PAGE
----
Phase two of the rehab program involved gradually increasing weight, stress, and load on the joint (and thus on the graft). Some activities were re-introduced but not all activities were allowed. For example, swimming and bicycling were okay but high-impact or vigorous activities were not advised.
Before sharing the long-term results, it is helpful to review what happened in the first study. Results were measured using X-rays, subjective (patient reported) symptoms, motion, strength, and function. Two specific tests (the International Knee Documentation Committee (IKDC) and Cincinnati Knee Rating System) were used before and after surgery to assess joint stability.
Three-fourths of the patients had a normal or near normal result. Five patients had a failed outcome early on (during the first four months after the surgery). Those five patients had already undergone at least one (and often more than one) previous failed knee surgery.
How are all the patients doing now? Well, the good news is that 71 per cent report being able to participate in low-impact activities without pain or problems. Arthritis seems to be the most difficult long-term post-operative problem. About 28 per cent have arthritic symptoms (pain, stiffness, loss of motion) either with daily activities or with sports participation.
What conclusions did Dr. Noyes come to from this long-term study on femoral-fibular reconstruction for knee instability following multiple ligament injury? First, the success rate was good enough to consider this procedure a good treatment option. This technique does restore joint stability. It allows lateral joint gapping needed for normal movement. But it prevents abnormal lateral joint opening when stress is applied to that side of the joint.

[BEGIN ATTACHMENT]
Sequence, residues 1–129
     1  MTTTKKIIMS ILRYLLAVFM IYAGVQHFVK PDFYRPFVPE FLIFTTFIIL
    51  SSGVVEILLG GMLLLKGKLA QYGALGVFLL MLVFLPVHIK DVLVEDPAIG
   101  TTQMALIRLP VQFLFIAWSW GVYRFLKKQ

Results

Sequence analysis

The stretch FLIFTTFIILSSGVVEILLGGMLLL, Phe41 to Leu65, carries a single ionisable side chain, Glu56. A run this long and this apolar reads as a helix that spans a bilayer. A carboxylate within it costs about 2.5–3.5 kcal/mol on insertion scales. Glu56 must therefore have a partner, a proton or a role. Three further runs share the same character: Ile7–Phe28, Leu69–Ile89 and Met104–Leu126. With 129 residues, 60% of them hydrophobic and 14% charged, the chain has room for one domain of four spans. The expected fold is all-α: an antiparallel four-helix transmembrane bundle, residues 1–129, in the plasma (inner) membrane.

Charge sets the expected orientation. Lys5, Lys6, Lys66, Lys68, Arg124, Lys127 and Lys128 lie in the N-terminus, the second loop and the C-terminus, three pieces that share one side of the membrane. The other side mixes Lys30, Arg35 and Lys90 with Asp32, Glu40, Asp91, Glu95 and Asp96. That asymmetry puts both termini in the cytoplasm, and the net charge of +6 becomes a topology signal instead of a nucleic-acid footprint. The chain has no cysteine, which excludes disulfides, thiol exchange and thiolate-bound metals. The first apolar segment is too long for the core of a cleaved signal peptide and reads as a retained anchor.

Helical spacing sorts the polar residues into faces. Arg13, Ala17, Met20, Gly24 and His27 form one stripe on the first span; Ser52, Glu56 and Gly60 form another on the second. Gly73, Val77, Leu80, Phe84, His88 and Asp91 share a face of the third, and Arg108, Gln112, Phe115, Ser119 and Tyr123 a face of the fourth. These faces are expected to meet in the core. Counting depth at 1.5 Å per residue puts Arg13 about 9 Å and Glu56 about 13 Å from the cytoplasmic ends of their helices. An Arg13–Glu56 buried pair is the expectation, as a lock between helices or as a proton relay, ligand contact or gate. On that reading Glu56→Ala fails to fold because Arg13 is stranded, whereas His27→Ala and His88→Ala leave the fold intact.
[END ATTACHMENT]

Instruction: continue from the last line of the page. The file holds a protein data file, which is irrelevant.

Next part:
Second, from other studies in this area, it's clear that just replacing the popliteus muscle tendon-ligament (PMTL) without taking care of the other areas of damage leads to failure in a majority of cases.
Third, the femoral-fibular reconstruction is a fairly simple procedure. The way the graft is put in and looped around actually makes a double graft. The extra strength of this configuration tied into the fibular collateral ligament (FCL) works well. The placement of the femoral-fibular graft forms a solid foundation for the complete reconstructive procedure.
As a result, all three posterolateral structures are restored allowing for normal (or near normal) motion, function, and stability. This reconstructive procedure mimics the natural knee and that's important for both daily activities and recreational sports.
Frank R. Noyes, MD, and Sue D. Barber-Westin, BS. Long-Term Assessment of Posterolateral Ligament Femoral-Fibular Reconstruction in Chronic Multiligament Unstable Knees. In The American Journal of Sports Medicine. March 2011. Vol. 39. No. 3. Pp. 497-505.
|*Disclaimer:* The information contained herein is compiled from a variety of sources. It may not be complete or timely. It does not cover all diseases, physical conditions, ailments or treatments. The information should NOT be used in place of visit with your healthcare provider, nor should you disregard the advice of your health care provider because of any information you read in this topic.|
|All content provided by eORTHOPOD® is a registered trademark of Medical Multimedia Group, L.L.C.. Content is the sole property of Medical Multimedia Group, LLC and used herein by permission.|